The Terrible Revenge of the Catalan and Mr J Gallacher!
The horror caused by the Catalan Company, between 1305 and 1307, still sends shivers through the Greek population in the twenty first century. The Albanian “katala” means monster after the auxiliary horsemen feuded with the mercenaries all those centuries ago. Although the ferocity of the Catalan is legendary, it pales into insignificance in comparison to the blood curdling fury that I was to face across the wargames table this Thursday! Being an old school mate of Mr. J. Gallacher could not save me from humiliation. The venom that John had been nursing since our last game was only aggravated by unfounded allegations of shoplifting by the Turkish waiters in Trade Street! I hope the gentle reader doesn’t think I am exaggerating….
The chosen rules set was of course DBA. We usually play Big Battle DBA with thirty six elements and our famous “Freikriegenspielencheetenzustoppen” amendments. Each command has a command roll which can be freely interchanged, unless the general is in contact or routing. Also, demoralised commands will fight with a minus one modifier but a “pip” is needed to hold troops not in combat.
John’s choice of the Sicilians gave him twelve elements of heavily armoured Iberian Knights that he placed on the flanks. His almughavars were massed on his right, with communal crossbowmen and more of the dreaded mercenary company in the centre. Blood-thirsty, double-dealing and slippery, there was no other choice than the Turks for me. I think the recent run of Renaissance games is beginning to affect me. In my centre I placed my heavy guns and elite Jannisaries. Would the epitome of cautious play be tempted into charging? Two ranks of light and medium horse flanked my knight destroying artillery park……..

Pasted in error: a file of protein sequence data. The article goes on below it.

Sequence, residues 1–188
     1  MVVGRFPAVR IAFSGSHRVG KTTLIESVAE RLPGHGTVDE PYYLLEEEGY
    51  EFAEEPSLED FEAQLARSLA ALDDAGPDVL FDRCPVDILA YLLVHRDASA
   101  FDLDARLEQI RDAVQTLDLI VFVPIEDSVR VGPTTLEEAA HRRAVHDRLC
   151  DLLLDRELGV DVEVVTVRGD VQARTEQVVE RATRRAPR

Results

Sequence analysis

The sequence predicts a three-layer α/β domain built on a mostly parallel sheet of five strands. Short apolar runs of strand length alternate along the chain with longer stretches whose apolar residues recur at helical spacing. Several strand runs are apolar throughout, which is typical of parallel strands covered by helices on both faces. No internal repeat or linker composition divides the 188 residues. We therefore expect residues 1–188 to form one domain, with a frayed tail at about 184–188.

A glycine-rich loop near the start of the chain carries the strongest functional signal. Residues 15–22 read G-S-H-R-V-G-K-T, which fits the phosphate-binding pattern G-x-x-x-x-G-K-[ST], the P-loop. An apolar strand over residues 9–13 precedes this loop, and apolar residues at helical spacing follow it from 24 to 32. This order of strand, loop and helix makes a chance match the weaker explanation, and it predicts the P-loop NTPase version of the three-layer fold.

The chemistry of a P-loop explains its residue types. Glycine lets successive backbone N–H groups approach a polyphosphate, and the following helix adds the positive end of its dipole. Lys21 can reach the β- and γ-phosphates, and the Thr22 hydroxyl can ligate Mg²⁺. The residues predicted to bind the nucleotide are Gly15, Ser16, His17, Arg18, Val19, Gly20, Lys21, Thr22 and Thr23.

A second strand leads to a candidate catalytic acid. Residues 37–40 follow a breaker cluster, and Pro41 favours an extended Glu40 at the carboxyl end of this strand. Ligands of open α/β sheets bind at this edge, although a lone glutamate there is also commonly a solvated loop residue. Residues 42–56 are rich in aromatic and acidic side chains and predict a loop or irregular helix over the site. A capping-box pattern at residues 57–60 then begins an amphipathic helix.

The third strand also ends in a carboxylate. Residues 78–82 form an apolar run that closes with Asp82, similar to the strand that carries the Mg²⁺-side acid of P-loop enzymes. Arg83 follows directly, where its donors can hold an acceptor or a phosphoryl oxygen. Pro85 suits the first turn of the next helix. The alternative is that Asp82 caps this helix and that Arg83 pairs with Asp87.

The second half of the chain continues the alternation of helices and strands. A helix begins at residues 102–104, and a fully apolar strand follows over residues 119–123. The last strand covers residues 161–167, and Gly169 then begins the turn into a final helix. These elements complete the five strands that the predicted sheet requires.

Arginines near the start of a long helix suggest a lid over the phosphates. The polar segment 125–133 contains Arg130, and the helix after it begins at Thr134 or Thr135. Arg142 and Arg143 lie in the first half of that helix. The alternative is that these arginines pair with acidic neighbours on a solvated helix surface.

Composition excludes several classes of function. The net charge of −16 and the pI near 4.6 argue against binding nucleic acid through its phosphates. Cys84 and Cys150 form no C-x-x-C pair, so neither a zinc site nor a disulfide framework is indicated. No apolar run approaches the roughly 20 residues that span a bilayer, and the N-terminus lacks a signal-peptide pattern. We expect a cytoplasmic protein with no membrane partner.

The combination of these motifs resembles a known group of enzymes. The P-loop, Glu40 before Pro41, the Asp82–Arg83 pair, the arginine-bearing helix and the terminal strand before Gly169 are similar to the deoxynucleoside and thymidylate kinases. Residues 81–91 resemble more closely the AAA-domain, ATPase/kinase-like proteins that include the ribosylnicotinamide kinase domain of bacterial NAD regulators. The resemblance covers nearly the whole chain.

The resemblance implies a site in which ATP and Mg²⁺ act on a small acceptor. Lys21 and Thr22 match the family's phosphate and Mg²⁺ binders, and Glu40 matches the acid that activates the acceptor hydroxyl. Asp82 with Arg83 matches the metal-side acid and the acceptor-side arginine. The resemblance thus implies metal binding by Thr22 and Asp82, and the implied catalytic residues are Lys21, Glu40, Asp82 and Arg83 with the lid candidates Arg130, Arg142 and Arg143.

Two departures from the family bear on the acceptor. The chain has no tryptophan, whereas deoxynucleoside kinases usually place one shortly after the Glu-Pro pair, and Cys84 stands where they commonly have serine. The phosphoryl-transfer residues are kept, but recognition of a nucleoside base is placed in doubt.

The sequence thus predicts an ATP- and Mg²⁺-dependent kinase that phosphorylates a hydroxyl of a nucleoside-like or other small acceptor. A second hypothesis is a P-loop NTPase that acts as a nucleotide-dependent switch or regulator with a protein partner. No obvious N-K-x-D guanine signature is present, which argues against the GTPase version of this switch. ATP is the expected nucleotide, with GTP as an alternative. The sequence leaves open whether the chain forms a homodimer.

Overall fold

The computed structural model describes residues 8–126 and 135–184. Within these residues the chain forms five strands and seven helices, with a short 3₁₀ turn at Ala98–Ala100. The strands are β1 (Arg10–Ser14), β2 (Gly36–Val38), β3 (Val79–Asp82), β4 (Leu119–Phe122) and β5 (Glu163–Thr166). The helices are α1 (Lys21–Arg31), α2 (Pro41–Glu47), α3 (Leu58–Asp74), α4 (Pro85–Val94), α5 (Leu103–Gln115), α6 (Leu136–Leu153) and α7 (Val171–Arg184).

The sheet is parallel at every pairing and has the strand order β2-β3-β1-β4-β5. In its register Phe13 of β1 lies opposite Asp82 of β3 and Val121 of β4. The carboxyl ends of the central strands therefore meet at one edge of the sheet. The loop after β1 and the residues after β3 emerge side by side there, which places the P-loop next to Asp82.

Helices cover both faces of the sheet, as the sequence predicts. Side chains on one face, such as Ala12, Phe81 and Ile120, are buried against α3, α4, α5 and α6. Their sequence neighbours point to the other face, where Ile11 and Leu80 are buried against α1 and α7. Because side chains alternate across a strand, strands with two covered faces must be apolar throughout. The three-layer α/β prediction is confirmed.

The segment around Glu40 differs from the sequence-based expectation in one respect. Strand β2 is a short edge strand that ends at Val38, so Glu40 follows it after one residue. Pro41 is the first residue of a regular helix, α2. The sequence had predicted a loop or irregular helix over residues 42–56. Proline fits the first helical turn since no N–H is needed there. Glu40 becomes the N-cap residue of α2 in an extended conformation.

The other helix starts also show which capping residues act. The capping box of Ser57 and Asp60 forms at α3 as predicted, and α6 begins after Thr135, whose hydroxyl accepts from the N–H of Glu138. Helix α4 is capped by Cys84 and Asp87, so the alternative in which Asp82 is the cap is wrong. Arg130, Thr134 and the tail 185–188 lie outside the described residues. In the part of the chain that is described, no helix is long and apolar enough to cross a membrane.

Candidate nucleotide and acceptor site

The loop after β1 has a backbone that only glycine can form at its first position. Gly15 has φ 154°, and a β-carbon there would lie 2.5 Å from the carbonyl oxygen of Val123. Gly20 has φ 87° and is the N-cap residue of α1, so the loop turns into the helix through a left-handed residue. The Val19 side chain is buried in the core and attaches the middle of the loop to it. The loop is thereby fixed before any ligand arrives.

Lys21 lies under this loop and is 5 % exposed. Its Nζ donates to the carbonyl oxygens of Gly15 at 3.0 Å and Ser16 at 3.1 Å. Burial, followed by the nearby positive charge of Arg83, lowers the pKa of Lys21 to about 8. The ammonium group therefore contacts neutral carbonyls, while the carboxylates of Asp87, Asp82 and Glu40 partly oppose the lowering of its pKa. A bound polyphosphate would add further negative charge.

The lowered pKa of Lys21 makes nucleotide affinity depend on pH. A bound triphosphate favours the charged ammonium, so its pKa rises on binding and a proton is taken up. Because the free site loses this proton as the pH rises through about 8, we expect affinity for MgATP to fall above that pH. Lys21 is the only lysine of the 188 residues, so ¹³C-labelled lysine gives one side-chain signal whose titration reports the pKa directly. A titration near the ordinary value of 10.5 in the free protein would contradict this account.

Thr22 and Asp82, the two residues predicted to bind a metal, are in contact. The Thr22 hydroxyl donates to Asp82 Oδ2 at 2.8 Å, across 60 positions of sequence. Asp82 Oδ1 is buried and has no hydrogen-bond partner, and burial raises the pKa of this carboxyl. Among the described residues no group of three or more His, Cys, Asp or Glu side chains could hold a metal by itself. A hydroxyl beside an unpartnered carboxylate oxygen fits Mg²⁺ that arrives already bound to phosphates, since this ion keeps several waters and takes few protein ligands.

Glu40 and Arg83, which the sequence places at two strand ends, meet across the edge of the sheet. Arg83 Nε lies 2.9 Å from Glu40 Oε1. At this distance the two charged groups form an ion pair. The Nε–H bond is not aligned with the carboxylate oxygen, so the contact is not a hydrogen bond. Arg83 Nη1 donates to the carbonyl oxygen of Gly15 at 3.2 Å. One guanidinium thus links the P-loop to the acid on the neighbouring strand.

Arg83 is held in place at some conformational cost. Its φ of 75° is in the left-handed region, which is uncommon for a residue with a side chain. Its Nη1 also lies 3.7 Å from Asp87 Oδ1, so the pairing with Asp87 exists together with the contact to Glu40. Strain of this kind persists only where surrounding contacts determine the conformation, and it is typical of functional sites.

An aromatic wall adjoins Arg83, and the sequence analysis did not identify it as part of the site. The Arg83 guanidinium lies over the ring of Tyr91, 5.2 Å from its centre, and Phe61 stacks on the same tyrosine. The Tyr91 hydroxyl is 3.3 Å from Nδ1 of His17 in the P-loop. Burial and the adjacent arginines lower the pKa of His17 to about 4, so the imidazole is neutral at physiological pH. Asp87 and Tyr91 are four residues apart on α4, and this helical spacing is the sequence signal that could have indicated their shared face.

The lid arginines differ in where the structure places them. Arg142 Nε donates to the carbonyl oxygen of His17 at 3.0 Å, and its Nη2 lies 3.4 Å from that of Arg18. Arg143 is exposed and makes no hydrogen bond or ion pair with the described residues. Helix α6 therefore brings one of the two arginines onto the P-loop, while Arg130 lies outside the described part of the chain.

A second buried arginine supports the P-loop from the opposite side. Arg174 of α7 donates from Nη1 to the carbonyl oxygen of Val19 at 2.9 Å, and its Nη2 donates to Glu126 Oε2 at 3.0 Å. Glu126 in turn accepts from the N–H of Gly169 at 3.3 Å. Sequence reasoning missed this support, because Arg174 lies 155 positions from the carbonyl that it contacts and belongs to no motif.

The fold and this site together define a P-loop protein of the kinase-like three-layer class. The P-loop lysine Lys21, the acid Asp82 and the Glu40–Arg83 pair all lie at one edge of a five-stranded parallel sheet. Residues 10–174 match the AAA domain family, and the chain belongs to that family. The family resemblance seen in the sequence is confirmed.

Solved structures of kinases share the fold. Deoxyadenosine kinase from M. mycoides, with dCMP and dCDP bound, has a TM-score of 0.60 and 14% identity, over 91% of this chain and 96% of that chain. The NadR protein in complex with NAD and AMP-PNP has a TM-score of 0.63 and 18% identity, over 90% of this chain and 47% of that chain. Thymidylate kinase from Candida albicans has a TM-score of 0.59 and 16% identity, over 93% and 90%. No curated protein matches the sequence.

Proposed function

With good pips, the aggressive Turks careered forward. Perhaps ‘trundled’ is a better word when one considers the monstrous size of the Ottoman cannons.
But, Mr Slippery was already scheming! He left his right-wing Almughavars hugging the baseline and brought his heavy horse to assail my lightly armed skirmishers.
Looking nervously around for support from their social betters, the Turkish light horsemen could gain confidence from the massacre of the Sicilian centre.
The Iberian wild-men capture the hillock. The Catalans pursue the Turkish bowmen and barrel into the supporting Turkish cavalry. Now my centre is broken. Just to add insult to injury, my Azabs,in the hills to my right, ambush the jinetes but are mown down in the open!